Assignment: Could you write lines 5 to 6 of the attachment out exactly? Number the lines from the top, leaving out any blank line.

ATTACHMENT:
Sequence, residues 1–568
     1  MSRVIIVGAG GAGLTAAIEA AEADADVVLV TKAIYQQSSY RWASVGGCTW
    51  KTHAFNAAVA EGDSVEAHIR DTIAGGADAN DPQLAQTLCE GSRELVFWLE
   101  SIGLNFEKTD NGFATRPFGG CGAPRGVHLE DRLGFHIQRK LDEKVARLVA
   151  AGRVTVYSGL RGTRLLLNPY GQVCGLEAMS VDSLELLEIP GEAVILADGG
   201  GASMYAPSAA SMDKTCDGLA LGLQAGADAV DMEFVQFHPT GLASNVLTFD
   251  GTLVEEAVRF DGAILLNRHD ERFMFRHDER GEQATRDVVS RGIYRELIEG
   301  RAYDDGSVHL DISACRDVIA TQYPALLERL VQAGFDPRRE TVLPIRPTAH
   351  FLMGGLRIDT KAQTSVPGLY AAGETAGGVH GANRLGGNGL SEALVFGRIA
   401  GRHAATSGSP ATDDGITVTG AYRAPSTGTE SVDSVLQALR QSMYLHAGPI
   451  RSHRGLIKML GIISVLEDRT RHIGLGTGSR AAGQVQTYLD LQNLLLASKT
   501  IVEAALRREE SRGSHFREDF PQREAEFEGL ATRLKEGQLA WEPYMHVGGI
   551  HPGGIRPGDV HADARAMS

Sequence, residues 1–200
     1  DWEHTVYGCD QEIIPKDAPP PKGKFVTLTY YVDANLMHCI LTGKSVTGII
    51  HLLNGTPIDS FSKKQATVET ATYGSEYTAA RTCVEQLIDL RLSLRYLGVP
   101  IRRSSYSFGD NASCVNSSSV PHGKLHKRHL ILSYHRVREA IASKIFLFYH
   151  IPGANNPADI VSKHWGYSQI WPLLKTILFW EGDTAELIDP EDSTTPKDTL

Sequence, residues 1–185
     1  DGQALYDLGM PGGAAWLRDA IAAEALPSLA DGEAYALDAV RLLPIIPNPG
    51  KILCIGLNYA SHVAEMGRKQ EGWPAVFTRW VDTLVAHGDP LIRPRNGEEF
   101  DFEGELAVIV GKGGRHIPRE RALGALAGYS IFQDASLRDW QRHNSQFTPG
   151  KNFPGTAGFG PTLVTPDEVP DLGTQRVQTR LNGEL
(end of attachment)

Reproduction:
   151  AGRVTVYSGL RGTRLLLNPY GQVCGLEAMS VDSLELLEIP GEAVILADGG
   201  GASMYAPSAA SMDKTCDGLA LGLQAGADAV DMEFVQFHPT GLASNVLTFD